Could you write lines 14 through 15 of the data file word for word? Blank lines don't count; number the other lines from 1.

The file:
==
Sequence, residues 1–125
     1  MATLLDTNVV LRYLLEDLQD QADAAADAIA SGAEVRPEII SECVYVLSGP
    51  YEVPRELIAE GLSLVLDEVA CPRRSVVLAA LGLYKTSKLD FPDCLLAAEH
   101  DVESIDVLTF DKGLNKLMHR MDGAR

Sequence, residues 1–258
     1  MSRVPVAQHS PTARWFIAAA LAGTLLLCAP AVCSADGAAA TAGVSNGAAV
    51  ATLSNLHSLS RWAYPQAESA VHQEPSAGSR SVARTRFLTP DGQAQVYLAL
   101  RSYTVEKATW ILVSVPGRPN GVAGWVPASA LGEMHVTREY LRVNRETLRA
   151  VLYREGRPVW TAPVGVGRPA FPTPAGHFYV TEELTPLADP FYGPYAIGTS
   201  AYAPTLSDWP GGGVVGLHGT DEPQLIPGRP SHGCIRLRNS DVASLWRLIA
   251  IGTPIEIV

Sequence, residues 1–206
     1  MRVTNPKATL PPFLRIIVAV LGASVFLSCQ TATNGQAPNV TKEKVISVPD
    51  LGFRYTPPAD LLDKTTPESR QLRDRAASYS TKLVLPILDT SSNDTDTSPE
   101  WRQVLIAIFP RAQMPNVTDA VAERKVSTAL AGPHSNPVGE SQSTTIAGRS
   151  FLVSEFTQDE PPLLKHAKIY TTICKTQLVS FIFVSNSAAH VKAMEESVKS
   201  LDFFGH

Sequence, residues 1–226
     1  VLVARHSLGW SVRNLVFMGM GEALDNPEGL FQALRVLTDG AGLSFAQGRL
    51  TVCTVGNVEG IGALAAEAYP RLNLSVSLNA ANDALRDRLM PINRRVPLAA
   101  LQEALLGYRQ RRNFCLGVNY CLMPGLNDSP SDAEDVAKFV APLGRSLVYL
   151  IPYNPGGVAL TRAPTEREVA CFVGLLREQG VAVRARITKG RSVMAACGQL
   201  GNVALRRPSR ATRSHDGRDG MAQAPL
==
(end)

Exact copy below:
    51  LGFRYTPPAD LLDKTTPESR QLRDRAASYS TKLVLPILDT SSNDTDTSPE
   101  WRQVLIAIFP RAQMPNVTDA VAERKVSTAL AGPHSNPVGE SQSTTIAGRS